If words don't have any meaning, policy debates are a lot easier:
"I am specifically in favor of a fair tax and of reforming our tax system," [Senator-elect Brian Nieves] said. "I think our current taxing system is regressive, not progressive - in all of the fair tax studies that I have seen, it would actually lower our tax burden on each individual Missourian."
A fair tax would replace income tax with a consumption tax on retail goods.
"Right now there are tons of people earning income who never pay taxes," Nieves said. "Like a drug dealer who might make $100,000 and never pays a penny of income tax." Those people making money illegally still spend and many actually spend more - this would create a more fair environment, and recoup the tax dollars of people making money illegally."
Opponents of the fair tax say those who make between $15,000 and $200,000 would be taxed much more than those who make more than $200,000, among other criticisms.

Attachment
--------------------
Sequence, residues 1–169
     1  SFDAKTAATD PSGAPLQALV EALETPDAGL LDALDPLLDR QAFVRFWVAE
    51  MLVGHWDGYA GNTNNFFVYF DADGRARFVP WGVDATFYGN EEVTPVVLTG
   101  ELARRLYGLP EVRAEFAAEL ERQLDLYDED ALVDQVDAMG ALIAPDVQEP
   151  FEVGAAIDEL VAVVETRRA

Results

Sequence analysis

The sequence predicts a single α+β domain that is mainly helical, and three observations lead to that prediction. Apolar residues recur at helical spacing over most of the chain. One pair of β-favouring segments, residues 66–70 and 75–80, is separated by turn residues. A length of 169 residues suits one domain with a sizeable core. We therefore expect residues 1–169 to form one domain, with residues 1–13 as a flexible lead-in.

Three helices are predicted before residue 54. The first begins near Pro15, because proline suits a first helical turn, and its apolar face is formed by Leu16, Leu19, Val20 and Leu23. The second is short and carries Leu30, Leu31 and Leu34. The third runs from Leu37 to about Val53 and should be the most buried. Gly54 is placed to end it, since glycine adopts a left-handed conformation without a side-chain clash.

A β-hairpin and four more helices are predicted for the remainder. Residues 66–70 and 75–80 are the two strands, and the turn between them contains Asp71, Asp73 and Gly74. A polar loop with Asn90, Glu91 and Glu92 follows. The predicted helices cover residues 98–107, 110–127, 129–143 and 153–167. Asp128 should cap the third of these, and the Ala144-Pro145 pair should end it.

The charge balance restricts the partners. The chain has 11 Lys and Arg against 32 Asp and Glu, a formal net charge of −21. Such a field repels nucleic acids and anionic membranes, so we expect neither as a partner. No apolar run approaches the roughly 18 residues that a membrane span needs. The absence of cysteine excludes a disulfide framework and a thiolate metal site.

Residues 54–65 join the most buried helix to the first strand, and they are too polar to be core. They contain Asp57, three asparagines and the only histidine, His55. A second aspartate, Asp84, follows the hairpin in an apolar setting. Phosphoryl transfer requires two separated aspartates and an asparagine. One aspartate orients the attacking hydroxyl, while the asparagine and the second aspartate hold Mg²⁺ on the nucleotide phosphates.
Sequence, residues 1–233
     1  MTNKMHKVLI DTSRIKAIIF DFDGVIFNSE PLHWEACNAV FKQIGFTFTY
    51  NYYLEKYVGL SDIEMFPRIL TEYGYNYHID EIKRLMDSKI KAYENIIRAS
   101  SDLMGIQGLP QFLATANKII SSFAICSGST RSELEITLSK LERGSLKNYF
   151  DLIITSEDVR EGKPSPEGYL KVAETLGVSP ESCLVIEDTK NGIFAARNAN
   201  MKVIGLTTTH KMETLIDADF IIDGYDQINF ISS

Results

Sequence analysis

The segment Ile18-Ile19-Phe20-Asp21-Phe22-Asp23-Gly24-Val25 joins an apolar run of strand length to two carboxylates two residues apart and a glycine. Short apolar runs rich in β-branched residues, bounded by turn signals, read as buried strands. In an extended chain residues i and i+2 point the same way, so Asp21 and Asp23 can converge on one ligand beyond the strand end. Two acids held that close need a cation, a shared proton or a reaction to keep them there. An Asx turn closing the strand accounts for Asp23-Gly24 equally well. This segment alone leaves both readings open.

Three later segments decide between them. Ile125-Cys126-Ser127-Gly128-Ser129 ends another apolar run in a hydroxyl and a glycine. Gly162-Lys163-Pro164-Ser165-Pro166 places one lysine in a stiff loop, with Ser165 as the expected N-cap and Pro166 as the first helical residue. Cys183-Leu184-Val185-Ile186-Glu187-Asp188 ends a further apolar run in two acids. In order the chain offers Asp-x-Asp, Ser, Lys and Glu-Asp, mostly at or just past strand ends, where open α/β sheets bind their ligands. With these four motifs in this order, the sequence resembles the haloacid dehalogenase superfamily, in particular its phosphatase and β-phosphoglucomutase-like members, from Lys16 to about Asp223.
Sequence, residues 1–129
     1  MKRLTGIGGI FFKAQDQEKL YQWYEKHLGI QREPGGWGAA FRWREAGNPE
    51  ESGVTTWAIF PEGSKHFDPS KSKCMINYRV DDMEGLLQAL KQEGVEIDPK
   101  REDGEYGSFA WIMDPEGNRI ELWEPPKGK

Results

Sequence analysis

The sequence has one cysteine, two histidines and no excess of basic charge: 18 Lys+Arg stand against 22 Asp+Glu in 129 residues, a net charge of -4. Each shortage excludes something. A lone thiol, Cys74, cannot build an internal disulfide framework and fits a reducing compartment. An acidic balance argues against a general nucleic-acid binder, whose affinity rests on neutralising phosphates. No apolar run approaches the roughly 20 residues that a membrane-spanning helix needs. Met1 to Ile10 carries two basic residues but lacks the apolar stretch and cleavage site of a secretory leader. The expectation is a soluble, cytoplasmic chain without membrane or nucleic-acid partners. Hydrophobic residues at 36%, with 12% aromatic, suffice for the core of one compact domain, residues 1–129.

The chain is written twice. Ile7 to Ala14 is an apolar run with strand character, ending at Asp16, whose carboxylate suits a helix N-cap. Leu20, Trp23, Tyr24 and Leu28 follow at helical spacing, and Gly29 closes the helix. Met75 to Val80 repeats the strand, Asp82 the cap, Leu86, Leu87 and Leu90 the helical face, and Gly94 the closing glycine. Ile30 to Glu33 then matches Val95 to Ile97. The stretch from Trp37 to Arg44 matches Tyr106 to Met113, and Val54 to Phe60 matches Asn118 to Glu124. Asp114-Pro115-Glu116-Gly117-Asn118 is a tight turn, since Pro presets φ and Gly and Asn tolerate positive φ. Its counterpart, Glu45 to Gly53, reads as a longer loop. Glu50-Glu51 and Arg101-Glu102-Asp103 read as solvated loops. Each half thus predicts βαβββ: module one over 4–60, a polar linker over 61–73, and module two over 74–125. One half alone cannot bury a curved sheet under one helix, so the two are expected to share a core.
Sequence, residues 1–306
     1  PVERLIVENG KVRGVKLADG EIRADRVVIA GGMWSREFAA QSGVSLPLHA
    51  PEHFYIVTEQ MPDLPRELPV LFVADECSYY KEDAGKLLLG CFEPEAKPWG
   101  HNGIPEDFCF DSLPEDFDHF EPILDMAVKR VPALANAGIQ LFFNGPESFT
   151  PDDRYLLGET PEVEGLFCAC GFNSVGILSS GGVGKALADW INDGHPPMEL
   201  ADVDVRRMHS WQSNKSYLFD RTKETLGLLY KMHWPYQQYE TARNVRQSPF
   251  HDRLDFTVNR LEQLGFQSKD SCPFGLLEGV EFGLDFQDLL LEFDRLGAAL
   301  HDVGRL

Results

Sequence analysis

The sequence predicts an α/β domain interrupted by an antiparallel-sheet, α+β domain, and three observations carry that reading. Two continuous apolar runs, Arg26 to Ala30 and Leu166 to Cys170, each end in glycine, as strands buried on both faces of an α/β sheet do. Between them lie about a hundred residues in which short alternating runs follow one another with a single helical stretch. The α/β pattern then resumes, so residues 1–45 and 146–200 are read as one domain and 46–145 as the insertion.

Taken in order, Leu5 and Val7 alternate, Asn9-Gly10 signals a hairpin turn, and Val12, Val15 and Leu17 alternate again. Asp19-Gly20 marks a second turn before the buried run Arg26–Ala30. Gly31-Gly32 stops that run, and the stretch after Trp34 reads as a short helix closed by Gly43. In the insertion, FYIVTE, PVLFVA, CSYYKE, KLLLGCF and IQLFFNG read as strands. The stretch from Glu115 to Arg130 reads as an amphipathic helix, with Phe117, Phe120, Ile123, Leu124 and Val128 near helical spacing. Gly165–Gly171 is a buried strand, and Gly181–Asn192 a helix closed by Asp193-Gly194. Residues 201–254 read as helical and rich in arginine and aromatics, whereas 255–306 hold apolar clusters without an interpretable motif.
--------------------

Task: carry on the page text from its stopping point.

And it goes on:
Nieves captures the argument of "Fair Tax" supporters perfectly here: The state will still have enough money to pay its current obligations (they say), but somehow "it would actually lower our tax burden on each individual Missourian." No way this isn't too good to be true!
And the idea that folks might make the relatively short drive across state lines to avoid Missouri's new quite high sales tax? This is where right-wingers suddenly forget all of their own talk about how tax policies can encourage or discourage people to make certain choices. Sodontworryaboutit!
The apparent exceptions in this fantasy world in which everybody wins -- and this is brand new information to me -- are your local drug dealers, who would no longer be able to keep their black market money away from a much higher sales tax. Brilliant! Maybe we can even ask them to start collecting sales taxes on their illicit drug sales? I can see the campaign commercials now....Read More »